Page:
I told her not to be sorry. It’s human nature.
“It’s just Nome,” she said.
“It’s every where you find humans, my dear.”
Spend two days listening to KNOM, the local, Catholic radio station in Nome, Alaska, and you’ll find yourself in a ridiculously good mood.
It’s not just the short reminders about living a good, clean life or the playing of an Eric Clapton classic next to something from Foster the People.
Last night the two DJs played White Stripes and The Black Keys back to back for hours, debating which was the better band.
It’s not just the fact that they have great journalists who cover big events like Iron Dog and Iditarod with as much passion as a war correspondent or that they provide wide-spread news and cultural information around Western Alaska.
It’s not just the completely NPR-ish on-air personalities who sound exactly like a Saturday Night Live skit.
It’s a combination of all that.
People from other places look at me funny when I tell them I love coming to Nome. People in Nome know exactly why I like coming here. I like to keep it that way.
When we touched down with all the tenderness of a meat cleaver on Monday, I gazed at the powdered-sugar hills to the north of town hoping to see the herd of musk oxen that haunts those hills in winter.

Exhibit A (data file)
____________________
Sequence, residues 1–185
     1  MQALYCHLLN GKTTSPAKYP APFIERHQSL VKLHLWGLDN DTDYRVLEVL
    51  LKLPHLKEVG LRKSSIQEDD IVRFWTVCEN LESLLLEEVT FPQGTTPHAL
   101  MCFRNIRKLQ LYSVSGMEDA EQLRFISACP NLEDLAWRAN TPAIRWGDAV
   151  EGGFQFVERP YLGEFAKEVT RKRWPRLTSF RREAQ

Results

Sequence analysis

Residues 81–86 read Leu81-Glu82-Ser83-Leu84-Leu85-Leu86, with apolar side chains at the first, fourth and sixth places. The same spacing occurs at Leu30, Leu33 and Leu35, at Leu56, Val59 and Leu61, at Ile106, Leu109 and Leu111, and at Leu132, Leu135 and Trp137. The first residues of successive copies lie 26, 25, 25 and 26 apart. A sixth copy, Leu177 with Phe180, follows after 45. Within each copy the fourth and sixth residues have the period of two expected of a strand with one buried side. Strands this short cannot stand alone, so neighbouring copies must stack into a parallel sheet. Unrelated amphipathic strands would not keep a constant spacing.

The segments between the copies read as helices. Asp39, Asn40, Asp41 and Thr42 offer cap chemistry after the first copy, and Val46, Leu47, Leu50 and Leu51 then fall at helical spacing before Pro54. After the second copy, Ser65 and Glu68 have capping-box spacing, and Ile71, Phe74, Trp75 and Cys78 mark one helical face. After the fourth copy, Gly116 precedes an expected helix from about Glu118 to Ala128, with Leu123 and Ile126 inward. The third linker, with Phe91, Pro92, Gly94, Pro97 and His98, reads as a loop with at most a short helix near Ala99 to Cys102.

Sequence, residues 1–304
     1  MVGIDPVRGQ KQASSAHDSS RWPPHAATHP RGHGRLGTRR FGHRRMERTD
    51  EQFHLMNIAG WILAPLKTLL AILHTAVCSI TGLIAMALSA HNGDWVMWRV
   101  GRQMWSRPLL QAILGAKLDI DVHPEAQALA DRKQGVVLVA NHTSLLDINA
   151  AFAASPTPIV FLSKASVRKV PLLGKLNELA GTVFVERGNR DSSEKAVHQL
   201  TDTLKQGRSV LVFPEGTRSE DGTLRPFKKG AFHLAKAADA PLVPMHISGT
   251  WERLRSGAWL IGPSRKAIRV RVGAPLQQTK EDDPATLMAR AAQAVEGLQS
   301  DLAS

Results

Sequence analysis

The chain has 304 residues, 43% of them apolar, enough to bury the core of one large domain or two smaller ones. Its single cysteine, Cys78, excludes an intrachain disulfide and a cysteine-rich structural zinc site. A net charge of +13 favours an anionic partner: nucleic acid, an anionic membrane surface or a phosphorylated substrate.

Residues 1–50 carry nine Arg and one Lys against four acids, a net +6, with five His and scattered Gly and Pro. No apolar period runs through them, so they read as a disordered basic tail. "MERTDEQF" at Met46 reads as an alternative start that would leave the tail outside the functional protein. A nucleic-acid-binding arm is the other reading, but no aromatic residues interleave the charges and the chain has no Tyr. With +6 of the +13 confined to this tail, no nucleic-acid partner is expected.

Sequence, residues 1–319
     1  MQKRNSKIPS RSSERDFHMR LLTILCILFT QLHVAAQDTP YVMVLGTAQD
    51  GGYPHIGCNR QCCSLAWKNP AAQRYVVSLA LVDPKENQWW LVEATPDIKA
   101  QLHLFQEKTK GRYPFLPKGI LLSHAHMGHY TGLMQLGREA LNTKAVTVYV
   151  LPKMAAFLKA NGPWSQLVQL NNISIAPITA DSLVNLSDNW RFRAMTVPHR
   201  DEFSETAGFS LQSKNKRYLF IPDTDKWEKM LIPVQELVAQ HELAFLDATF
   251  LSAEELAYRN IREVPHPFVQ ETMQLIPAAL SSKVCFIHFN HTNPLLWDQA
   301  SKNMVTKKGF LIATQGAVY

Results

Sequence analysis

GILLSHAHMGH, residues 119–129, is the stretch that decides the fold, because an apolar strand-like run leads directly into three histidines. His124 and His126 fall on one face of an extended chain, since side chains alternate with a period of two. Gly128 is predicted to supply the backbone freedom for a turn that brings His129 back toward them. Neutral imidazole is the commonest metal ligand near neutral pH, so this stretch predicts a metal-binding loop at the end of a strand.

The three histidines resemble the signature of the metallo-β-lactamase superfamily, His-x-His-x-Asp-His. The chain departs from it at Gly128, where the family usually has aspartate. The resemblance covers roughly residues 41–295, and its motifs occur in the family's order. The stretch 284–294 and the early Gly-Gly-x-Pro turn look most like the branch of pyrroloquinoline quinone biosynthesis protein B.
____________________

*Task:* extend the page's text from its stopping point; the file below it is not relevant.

My esteemed hosts picked me up in a lifted truck so big I needed help to climb inside. From such great heights I looked out over a sun-drenched and surprisingly warm city on my way to pick up the rental car.
Snow drifted into patterns based on where it was touched by the Nome wind. Alleys were scoured clean, while the snow piled into dunes. And these are beautiful, until you’re driving and find yourself barreling down on a snow dune.
When I approached my first snow dune, I was inclined to stop and inch through it, but I was going to fast and decided just to plow through. The high-walled tire tracks leading through the middle of the snow dune told me that this was what other drivers had done.
Maintaining control while speeding through the snow dune is of absolute necessity, as there is no telling how deep the snow off the sides of the road is.
Maintaining control while plowing through a snow dune at 55 is not easy.
But a sunny day in Nome proves too alluring for me to not venture out to get pictures. I decided to get in a quick meal at Airport Pizza, which I thought was the only restaurant in town until my second visit to this fair burgh.
After dinner, the sun seemed to hang enticingly at 20 minutes to sunset. I figured I could risk a few more snow dunes and venture down the Teller Highway a bit to get a good shot of the ball of fire dipping into the frozen Bering Sea.
It’s not a Kona sunset, by any means, the northern sun just lacks the power to really paint the sky. But if you like delicate pastels interspersed with lead, nickel and steel over bleak tundra, a Nome sunset is worth the price of admission.
As if to compliment my sunset drive, KNOM played something by a group of Arctic drummers followed by one of Bruce Springsteen’s less-played numbers.
I think I love this place.